Engaging Talent

Before I get to the heart of this post, I’m thrilled to unveil my blog’s new look! I’ve been working on this for the past few months with graphic art designer Karin Choi, who’s extremely talented AND patient. Bless her and all creative design professionals who work with clients like me who know what we want, yet can’t articulate it. Thanks, Karin!

This week’s internal marketing message

Our current economic meltdown has given rise to a new urgency on engaging employees. Here are two perspectives on this issue.

In this month’s Tom Peters Timesconsultant Valarie Willis reminds us that the talent is the brand.”

“It is the talent in an organization that brings its brand to life. If the talent are no longer happy, if they are concerned about their own welfare, or they’ve hunkered down to stay out of sight, the brand may be on its last breath as well. And when the brand is struggling to survive, the impact is on the customer experience.”

To minimize brand dilution, she recommends organizations realign and reconnect the brand promise, employees [AKA “talent”], and customers.

In his white paper, Engagement and Appreciation in a Time of CrisisMaritz employee engagement consultant Mel Van Dyke also acknowledges a growing number of employees are suffering from anxiety about job security and financial well-being. It’s hard to engage folks who find themselves on the lower rungs of Maslow’s hierarchy of needs. To address this challenge, Van Dyke offers employee-focused appreciation and recognition strategies.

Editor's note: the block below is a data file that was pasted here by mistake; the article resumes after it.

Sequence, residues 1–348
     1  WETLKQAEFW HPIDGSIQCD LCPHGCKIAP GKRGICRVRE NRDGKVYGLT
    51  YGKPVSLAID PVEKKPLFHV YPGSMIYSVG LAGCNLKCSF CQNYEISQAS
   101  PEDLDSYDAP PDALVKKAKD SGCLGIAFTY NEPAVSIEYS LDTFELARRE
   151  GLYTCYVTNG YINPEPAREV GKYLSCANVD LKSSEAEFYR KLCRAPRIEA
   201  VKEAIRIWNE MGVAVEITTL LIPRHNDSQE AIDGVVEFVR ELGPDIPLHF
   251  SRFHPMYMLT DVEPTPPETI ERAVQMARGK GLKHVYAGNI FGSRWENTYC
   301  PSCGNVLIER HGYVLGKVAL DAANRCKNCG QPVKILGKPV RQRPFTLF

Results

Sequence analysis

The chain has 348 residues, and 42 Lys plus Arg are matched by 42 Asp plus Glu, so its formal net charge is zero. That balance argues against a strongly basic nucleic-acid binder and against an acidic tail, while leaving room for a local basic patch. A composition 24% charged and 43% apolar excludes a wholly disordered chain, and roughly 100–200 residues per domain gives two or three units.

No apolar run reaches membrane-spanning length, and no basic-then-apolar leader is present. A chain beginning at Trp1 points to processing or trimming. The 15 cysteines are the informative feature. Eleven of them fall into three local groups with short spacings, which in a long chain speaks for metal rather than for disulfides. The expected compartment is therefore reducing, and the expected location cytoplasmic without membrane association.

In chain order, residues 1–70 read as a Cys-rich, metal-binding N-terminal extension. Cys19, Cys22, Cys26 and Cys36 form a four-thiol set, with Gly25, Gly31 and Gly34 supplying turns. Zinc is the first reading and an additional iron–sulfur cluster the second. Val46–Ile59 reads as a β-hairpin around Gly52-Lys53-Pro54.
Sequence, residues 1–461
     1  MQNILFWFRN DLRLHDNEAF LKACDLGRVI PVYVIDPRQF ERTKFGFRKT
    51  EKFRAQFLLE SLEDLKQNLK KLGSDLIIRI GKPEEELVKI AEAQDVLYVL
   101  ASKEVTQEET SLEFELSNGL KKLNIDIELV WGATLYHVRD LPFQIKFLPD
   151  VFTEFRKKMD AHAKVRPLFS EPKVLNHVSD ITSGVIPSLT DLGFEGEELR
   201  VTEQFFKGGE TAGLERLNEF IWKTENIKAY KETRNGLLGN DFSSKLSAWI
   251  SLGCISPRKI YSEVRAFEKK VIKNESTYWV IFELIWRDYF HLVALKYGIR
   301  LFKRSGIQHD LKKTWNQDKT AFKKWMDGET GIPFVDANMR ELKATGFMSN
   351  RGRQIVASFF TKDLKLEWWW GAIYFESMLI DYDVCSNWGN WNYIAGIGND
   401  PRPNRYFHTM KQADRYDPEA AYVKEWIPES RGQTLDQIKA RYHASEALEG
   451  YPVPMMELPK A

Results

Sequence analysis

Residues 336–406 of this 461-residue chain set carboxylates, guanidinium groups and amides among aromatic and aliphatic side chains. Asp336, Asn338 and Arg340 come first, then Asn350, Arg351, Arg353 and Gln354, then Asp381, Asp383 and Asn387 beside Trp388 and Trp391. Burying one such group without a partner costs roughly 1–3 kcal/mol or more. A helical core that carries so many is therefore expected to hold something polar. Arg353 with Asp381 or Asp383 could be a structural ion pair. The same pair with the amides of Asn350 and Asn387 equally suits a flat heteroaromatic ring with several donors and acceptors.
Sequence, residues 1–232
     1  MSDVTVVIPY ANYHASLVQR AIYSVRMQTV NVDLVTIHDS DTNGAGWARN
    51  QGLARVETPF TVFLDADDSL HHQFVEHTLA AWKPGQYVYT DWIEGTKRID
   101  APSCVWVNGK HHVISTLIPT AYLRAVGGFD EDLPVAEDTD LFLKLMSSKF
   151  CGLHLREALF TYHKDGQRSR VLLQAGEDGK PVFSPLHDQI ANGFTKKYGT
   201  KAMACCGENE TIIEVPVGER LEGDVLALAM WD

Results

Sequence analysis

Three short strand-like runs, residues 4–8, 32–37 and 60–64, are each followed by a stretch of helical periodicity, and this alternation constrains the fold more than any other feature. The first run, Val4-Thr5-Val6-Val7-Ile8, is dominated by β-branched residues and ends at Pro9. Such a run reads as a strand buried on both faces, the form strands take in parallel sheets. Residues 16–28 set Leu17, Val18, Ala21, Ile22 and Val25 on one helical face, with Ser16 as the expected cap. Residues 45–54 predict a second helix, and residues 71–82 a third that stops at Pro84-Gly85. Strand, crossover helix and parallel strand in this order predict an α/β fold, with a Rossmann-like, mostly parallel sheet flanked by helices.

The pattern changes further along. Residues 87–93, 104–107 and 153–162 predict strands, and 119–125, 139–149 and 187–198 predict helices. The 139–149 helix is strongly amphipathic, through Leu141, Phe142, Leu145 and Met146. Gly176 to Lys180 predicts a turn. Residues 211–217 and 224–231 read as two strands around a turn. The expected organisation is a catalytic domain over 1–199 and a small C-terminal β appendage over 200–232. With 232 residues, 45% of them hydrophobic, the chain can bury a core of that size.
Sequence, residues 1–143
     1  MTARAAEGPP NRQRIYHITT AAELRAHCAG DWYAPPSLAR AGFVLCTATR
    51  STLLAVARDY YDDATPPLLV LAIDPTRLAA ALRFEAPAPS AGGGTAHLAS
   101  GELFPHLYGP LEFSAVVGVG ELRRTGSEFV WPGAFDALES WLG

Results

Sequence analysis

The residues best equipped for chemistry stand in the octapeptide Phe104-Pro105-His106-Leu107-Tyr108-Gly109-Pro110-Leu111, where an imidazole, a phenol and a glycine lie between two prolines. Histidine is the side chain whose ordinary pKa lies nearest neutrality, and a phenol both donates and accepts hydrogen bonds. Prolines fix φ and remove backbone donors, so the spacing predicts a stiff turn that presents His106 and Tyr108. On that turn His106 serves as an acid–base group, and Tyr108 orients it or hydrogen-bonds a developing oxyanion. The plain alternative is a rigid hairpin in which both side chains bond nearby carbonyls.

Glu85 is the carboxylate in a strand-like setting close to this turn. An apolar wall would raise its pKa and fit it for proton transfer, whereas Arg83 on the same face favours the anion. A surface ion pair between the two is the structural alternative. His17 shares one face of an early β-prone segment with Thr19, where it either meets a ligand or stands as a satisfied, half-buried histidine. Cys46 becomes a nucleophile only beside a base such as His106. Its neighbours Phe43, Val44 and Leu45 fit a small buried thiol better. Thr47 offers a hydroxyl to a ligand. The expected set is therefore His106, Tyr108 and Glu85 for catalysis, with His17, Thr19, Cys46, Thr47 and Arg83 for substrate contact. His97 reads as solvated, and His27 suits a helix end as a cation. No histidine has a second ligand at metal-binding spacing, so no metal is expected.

“Thank you can never be said enough, especially now … Acknowledging not only the environment that key employees are now facing but also their individual contributions to success is a great way to keep employees focused on a positive work experience rather than an external labor market.”

Although their specific coping suggestions vary, both Willis and Van Dyke advocate the need to be more attentive and responsive to employees. We can’t afford to ignore our employees – those we’ve chosen to retain as well as those who’ve chosen to stay with us. We need their ideas, support, and perseverance to get through this financial mess.

 

3 Comments

  • DebbieNorris April 25, 2009 Reply

    I think one of the best ways to encourage engagement in tough times is to clearly communicate what the company is doing and where it’s planning on heading. An authentic, honest explanation of “the plan” can go a long way toward engaging those who might feel like the bottom can drop out at any moment.

  • Dana VanDen Heuvel February 17, 2009 Reply

    Hey Sybil,
    Love the new look and love this post!
    If you look deep into the ‘academic’ literature on ‘marketing during recessions’ you’ll find a fair bit of text on the internal communications/taking care of employees elements as being important to marketers – possible more important that some of the external components of recessionary marketing. A lack of confidence makes it hard to smile and perform – instilling as much confidence (through frequent, honest and transparent communication) is the way to go!

  • Karin February 17, 2009 Reply

    Sybil, it was certainly a pleasure to work with you and a delight to watch the transformation of your blog unfold with your direction. It looks great and I would be pleased to work with you anytime.

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